Courtesy of Queens Public Library
Ama Karikari-Yawson, Chae E. Blount, Carol Osborne, and Jamee-Marie Edwards were honored at the Cambria Heights Branch of Queens Library at a celebration for southeast Queens authors.
By Naeisha Rose

The Cambria Heights’ branch of Queens Library held a Celebration of Southeast Queens Authors Saturday, hosting 17 authors ranging from 8 years old to senior citizens, and from first-time writers to those with an established history.

Honorees had written fiction, non-fiction and poetry books for children and adults.

Guests had a chance to meet the authors for free at the library located at 218-13 Linden Blvd.

The Celebration of Southeast Queens Authors was the brainchild of Sharon Banks, manager of the Cambria Heights Library.

“A year ago, I said wouldn’t it be great if we did a celebratory program honoring the authors from this particular community?” Banks said. “Frankly, without authors you wouldn’t have libraries. It just made sense to me.”

Banks thinks it’s important to commemorate authors, no matter what phase of the journey they are on in their careers.

“Some of our authors are first-time writers, and I’ve always maintained that the first time you do something, it’s the hardest,” Banks said. “So it’s a salute to them for being fearless enough to act upon their dreams. Other authors have been publishing for years, and it’s a salute to them for their tenacity and the success they have garnered for themselves.”

Two-time writer, Kyshia Lawrie, who goes by the pen name, Jamee-Marie Edwards, was one of the honorees at the festivities and was humbled to be a part of such a collective.

“It was an honor and pleasure to be a part of this inaugural event,” Lawrie said. “It was definitely an event to glean from, as I was empowered and inspired by the literary camaraderie that was present.”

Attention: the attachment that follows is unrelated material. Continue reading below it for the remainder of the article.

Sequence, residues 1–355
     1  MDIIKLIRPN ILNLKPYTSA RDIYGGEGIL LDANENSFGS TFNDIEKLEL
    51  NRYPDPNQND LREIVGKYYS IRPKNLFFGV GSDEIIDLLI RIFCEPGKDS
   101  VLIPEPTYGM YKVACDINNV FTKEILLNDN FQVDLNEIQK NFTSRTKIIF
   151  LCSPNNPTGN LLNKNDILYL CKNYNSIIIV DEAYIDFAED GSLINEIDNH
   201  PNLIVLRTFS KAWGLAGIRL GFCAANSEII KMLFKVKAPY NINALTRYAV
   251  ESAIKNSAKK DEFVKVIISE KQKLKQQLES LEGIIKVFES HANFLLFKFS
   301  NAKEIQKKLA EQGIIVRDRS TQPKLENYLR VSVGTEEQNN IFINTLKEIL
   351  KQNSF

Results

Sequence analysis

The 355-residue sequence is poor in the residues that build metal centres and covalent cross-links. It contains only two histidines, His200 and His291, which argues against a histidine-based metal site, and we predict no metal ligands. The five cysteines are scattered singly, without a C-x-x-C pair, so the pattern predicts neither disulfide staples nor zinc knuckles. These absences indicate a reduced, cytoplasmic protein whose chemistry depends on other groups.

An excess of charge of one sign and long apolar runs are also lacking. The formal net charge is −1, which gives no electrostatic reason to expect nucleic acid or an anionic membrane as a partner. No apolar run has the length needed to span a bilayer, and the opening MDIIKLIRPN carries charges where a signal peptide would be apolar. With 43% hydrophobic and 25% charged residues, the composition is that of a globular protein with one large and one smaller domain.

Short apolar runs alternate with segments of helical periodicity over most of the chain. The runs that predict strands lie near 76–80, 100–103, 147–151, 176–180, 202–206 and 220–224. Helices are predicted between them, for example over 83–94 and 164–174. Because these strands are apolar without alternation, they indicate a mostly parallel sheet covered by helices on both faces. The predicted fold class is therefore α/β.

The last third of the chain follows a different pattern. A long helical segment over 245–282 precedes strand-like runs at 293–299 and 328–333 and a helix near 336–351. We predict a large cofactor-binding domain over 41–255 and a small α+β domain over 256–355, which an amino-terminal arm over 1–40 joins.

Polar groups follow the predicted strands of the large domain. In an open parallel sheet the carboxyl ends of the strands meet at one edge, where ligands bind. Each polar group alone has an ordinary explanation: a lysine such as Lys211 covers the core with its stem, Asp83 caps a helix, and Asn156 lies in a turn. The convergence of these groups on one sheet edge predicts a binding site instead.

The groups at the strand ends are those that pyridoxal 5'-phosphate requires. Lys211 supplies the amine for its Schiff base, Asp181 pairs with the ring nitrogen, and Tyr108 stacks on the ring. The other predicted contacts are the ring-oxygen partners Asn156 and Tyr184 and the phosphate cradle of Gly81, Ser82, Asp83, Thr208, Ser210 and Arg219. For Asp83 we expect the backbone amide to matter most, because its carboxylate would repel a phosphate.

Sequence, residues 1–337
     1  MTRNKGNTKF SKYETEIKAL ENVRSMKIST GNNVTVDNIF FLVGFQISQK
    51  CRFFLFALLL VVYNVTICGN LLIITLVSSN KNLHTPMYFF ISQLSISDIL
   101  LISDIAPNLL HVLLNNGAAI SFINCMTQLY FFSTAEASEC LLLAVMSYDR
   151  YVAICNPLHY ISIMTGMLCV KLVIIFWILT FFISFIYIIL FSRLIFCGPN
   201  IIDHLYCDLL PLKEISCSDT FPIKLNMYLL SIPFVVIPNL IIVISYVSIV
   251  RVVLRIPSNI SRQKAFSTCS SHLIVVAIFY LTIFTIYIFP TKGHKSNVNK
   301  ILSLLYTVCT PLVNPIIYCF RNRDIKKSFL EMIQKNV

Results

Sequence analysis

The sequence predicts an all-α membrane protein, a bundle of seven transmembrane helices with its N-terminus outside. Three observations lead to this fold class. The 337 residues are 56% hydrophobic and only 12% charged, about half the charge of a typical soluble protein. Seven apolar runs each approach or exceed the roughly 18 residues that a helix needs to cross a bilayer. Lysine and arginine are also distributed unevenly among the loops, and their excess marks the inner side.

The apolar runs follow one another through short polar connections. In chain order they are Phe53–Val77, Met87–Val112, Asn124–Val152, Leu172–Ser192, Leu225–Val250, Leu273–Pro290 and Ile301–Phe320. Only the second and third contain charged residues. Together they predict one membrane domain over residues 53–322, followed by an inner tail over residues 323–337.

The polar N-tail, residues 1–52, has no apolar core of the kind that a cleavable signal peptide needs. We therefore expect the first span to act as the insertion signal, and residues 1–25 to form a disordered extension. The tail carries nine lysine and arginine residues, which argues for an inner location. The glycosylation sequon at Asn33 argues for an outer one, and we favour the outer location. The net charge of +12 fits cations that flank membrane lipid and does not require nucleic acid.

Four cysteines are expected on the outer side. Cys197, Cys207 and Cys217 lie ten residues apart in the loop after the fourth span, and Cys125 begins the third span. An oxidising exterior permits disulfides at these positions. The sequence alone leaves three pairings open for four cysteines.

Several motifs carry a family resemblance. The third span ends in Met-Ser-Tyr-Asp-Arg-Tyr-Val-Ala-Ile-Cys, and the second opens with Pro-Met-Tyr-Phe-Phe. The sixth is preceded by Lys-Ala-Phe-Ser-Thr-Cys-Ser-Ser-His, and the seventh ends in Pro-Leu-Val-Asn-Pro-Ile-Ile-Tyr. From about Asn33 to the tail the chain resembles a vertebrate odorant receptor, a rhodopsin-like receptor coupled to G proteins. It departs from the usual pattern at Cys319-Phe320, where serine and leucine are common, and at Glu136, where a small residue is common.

Lawrie is the author of the 2013 children’s book “But I Am a Cat!” which is about self-acceptance and overcoming self-doubt.

She is also a co-author in the compilation series “Delayed But Not Denied: 20 Inspirational Stories About Life and Resiliency.” Her chapter in the series, entitled “Courage to Soar: Releasing Your Butterfly Within,” follows her voyage on maintaining her faith after losing her eyesight for three months.

“Our stories are platforms to inspire, empower and encourage others on their life journey,” Lawrie said about the book.

She was thrilled to use that positive attitude to embolden new authors.

“The motto I live by is ‘Become Inspired To Be An Inspiration,’ and I wholeheartedly welcomed the opportunity to share my journey in hopes that it would inspire other emerging authors,” Lawrie said.

Banks thought the event was a long time coming and worth it for both the authors and the library.

“It’s a celebration and a thank you to our literary lights – people who write books and enliven our lives. We are a library, so why not!” Banks said.

Reach reporter Naeisha Rose by e-mail at nrose@cnglocal.com or by phone at (718) 260–4573.

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